There are many topics and causes that pull on my heart. Whether it’s the need to volunteer or highlight tips that can make someone’s life better, I love to help. Don’t get me wrong, decorating is cool and all, but to me, it doesn’t benefit the greater good. This in no way means that those operating in creative sectors don’t have value. Much of their work does in fact make folks feel great and has the ability to transform the everyday into the extraordinary. I personally want something more, something that reaches multiple categories and not just design.
For the longest time it feels like I have bottled up this feeling and kept it on the back burner. Over time it has become harder and harder to concentrate as the whisper I once heard is getting louder by the day. I can no longer ignore it and am dedicating time to figure out the next chapter in my life.
Have you ever felt like a dream you once had is no longer a relevant vision?
After so much time of putting in blood, sweat and tears to make something work, it can be a really hard decision to let go. If you feel it’s the best option for your life, don’t feel like a failure. Letting go has led so many people to greatness they had no idea existed. It’s very easy to hold on to things we know and make us comfortable, but the real leap of faith comes when we feel a tug in a new direction. No one says you need to go cold turkey and just quit, especially without a plan. All I can say is not to rob yourself of the chance to explore it. You never want to look back on your life and wonder what if.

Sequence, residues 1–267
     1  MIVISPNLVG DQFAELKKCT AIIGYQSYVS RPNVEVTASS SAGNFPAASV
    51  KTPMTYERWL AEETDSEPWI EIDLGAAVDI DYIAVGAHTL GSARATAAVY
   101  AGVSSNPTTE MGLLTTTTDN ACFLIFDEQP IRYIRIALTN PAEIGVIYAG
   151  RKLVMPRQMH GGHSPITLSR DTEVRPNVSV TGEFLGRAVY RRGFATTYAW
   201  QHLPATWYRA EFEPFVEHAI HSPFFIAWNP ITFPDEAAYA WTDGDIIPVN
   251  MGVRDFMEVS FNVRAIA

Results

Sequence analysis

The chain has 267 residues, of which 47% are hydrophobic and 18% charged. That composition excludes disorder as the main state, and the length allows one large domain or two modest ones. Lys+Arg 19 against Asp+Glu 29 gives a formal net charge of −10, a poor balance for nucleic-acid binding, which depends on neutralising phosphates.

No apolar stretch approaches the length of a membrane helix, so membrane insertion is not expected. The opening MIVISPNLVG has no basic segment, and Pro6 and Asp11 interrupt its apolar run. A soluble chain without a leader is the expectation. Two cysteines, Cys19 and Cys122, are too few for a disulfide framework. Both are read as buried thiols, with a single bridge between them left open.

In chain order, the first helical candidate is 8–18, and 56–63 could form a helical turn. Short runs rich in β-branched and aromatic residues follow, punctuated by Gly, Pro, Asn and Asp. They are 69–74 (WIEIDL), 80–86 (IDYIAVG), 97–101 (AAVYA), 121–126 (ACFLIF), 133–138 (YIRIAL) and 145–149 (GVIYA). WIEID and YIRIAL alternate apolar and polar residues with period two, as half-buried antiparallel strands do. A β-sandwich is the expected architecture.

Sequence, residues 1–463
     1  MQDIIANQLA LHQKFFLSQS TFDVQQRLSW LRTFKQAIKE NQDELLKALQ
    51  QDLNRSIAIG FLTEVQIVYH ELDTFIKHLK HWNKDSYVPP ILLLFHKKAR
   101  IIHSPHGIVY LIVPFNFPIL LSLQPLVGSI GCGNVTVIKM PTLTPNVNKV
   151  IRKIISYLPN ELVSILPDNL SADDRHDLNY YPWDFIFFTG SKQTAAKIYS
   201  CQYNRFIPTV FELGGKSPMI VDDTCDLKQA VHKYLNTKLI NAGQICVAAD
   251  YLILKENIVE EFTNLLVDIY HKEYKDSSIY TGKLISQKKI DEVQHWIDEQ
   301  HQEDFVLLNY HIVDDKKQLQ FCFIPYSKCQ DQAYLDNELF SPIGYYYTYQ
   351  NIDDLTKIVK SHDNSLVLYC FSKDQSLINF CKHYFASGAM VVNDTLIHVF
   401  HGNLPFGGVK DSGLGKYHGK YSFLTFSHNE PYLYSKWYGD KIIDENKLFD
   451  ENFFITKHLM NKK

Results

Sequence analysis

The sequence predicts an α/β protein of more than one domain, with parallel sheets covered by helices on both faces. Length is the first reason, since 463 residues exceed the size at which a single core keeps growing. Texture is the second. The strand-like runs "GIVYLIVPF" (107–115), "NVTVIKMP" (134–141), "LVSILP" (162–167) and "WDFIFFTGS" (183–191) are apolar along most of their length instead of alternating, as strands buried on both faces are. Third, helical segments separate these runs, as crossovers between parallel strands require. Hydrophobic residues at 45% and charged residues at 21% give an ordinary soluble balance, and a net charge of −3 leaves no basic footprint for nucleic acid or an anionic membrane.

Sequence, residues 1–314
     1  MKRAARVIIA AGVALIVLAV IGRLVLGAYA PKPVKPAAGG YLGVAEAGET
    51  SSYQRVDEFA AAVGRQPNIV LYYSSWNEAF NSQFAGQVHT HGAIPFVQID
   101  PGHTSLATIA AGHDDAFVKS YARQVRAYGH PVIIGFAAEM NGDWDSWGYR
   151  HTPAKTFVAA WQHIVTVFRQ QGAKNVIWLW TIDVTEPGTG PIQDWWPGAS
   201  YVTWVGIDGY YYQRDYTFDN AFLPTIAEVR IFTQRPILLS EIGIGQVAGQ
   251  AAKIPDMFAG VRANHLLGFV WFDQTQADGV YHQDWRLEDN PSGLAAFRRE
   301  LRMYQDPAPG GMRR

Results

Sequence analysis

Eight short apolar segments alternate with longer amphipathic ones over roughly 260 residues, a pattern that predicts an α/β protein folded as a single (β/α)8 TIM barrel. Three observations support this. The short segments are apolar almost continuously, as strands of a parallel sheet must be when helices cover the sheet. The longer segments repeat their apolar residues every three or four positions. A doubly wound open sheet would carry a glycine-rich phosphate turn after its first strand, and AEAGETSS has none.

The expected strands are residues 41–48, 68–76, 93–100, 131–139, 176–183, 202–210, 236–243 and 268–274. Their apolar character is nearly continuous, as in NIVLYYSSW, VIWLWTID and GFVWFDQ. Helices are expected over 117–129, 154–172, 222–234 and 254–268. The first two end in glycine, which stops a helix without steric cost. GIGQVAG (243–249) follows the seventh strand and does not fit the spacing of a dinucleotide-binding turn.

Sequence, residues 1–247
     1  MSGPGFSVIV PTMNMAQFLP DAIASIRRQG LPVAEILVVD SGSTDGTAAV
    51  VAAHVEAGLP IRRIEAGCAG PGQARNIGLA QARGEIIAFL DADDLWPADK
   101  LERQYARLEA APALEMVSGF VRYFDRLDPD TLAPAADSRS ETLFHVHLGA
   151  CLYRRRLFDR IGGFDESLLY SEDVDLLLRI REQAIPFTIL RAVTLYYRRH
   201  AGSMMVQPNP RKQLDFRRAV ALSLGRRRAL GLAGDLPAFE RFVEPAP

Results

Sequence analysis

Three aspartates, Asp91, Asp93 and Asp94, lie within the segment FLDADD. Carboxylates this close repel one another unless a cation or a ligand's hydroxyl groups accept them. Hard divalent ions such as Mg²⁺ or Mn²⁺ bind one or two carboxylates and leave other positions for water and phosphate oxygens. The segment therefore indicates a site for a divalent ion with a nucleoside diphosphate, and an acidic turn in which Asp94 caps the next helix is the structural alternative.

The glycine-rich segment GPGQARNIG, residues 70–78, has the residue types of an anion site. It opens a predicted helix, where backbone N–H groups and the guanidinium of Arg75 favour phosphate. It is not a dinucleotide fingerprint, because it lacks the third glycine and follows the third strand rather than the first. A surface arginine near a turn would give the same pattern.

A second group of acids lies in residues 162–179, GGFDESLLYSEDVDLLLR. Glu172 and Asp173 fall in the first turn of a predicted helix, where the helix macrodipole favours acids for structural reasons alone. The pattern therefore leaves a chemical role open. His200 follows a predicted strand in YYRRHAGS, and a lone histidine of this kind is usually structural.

Life is a book made of different chapters and edits.
I’d like to think that I have a healthy habit of not getting too attached to people or things. While listening to a T.D. Jakes sermon the other day, I chuckled when he said that parting isn’t such sweet sorrow for some men: “He has no problem saying goodbye. He can forget you and forget that your mother ever had you.” Although his words may sound harsh, this way of thinking can save us several unnecessary heartbreaks, stop us from staying in unfulfilling jobs and prevent us from entertaining meaningless friendships any further. I strongly believe there is power in saying goodbye, and it doesn’t necessarily have to be a bad thing.
Close family, friends who are like sisters and business ventures that I have personally birthed are the exceptions to saying goodbye. I’d be lying if I said I wasn’t attached to my parents and other loved ones. I cherish relationships with my sister-friends and often look to them in my lowest moments. But anything and anyone else is one step from being cut off if need be.